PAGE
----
With temperatures plunging and snow in the forecast, drivers in Western Washington need to prepare for slippery road conditions. Although Monday’s brief flurry of flakes was mild and did not stick in Seattle, meteorologists are predicting heavier snowfall from late Thursday afternoon into Friday morning.
Meteorologist Cliff Mass pointed out that making exact predictions has been hampered by failures of major systems at the National Weather Service. He estimates that colder and drier air, combined with a greater amount of precipitation, will bring snow to the Seattle area some time between 4 p.m. and 6 p.m. on Thursday. That could snarl traffic during Thursday’s evening commute.
Could this be the next Snowmaggedon?
In the winter of 2010, Seattle was slammed by a snow storm that left many roads in our hilly city impassible. Cars, trucks, and even buses were seen slipping down inclines; although the precipitation was not too severe, the roads in many areas were almost completely iced over. Some revelers took to the streets on homemade sleds while their schools and offices were shut down.
Since then, not much has changed about the city’s response to snow and ice. Seattle has famously struggled to control slippery roads; due to concerns with snowmelt running off into our city’s lakes and waterways, the Seattle Metro area typically does not use rock salt on roads, even steep and icy thoroughfares. While the Washington State Department of Transportation uses a mixture of saltwater, calcium chloride, and de-sugared molasses to clear passes during the winter, Seattle cannot use this solution due to its high salt content.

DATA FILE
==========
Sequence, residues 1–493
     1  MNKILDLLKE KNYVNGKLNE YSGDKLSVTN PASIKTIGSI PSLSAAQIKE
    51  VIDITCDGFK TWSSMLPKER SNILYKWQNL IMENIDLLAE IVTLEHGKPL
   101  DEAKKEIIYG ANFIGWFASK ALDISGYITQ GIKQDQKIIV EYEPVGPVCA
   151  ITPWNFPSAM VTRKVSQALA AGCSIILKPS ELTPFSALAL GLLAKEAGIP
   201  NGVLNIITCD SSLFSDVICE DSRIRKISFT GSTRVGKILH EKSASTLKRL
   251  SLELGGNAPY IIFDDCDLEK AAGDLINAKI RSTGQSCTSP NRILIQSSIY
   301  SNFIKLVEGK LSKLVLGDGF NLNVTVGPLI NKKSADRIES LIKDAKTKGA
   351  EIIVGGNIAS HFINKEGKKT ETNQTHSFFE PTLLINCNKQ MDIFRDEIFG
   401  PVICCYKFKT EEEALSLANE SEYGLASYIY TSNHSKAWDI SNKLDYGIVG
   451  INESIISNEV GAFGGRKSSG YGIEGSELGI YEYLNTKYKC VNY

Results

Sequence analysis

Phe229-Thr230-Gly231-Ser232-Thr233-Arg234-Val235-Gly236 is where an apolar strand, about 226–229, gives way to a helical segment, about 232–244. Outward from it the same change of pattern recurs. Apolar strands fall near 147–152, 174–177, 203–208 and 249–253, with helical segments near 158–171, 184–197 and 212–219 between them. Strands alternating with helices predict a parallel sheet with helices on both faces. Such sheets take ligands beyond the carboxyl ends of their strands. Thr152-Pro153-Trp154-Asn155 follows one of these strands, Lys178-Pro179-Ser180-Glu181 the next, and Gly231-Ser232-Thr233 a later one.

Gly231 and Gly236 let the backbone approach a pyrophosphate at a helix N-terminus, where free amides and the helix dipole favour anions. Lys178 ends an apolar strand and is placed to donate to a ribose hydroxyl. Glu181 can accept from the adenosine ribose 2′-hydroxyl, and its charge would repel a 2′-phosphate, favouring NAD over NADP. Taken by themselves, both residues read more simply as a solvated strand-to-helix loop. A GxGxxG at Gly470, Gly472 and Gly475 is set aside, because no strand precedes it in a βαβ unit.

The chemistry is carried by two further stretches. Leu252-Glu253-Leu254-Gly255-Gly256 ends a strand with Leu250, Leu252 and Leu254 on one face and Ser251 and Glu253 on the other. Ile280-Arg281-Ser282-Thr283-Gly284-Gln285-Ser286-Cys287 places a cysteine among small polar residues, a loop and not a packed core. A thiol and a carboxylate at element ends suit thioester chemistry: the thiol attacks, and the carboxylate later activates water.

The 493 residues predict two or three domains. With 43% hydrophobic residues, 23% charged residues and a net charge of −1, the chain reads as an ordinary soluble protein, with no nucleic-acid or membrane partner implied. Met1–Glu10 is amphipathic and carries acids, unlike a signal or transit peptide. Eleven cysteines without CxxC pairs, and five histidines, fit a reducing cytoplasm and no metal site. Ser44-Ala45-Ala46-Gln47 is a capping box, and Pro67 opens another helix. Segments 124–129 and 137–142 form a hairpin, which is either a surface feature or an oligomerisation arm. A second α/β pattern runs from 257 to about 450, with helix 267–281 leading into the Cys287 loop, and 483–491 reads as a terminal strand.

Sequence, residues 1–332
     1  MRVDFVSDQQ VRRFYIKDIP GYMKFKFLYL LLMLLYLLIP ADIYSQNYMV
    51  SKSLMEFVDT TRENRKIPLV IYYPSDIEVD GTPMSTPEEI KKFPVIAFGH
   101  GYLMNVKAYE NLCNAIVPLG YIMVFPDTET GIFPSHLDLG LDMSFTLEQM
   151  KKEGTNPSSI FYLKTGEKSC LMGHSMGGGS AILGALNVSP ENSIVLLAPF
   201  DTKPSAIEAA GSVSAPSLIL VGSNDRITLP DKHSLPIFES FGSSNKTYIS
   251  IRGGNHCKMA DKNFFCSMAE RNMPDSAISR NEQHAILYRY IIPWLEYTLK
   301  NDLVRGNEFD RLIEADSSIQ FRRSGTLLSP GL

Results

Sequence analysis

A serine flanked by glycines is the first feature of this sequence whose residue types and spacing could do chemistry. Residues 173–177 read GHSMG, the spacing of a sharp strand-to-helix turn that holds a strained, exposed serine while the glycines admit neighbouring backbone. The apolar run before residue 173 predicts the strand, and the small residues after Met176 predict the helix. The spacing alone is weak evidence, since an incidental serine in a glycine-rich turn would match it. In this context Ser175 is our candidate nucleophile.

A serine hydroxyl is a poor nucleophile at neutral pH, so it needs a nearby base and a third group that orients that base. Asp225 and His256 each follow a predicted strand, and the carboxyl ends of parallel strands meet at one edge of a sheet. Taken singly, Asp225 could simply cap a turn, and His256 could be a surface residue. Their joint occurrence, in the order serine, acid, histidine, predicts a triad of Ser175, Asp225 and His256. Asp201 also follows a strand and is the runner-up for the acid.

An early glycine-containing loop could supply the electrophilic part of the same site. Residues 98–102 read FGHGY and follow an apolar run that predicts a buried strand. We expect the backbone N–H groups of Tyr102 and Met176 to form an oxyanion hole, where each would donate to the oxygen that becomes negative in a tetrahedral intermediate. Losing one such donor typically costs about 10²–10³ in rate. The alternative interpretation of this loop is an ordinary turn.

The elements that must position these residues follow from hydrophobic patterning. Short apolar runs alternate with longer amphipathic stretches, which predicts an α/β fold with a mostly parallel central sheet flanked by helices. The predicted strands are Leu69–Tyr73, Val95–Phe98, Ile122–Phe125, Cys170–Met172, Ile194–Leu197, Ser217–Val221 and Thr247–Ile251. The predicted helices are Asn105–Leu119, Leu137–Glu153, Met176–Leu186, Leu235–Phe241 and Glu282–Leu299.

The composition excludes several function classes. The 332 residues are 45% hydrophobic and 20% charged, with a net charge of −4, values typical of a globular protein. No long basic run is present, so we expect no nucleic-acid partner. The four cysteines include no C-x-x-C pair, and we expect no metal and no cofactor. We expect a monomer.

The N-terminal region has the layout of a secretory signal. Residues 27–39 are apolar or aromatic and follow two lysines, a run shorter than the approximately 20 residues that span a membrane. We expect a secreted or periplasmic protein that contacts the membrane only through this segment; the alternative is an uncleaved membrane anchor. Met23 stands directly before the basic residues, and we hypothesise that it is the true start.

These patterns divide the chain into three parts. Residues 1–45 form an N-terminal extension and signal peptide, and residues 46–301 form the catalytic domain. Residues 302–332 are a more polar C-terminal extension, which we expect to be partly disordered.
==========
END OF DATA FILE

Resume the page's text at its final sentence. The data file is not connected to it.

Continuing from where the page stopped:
That means that if Seattle’s roads ice over, crews will most likely attempt to fix the problem not with salt, but with sand and chemical de-icer. The goal of this strategy isn’t to melt the ice, but to create a hard-packed surface that will be less slippery for cars with all-wheel drive, four-wheel drive, or chains.
What to do when the roads are icy
- If you can’t make it to your school or office safely, stay home.
- Watch the weather forecast, and plan around snowfall. Check the Washington State Department of Transportation’s Winter Weather Map for details about closed streets and the routes of de-icer trucks and snowplows.
- If you must drive, travel slowly. If your car has a front-wheel drive, make sure that you have appropriate tire chains.
- If you need to take public transit, check your route and make sure that your bus, train, or ferry isn’t cancelled or operating on a different schedule.
- King County Metro: metro.kingcounty.gov/alerts
- Sound Transit: m.soundtransit.org/Schedules/Alerts
- WSDOT: wsdot.wa.gov/ferries/schedule/Bulletin.aspx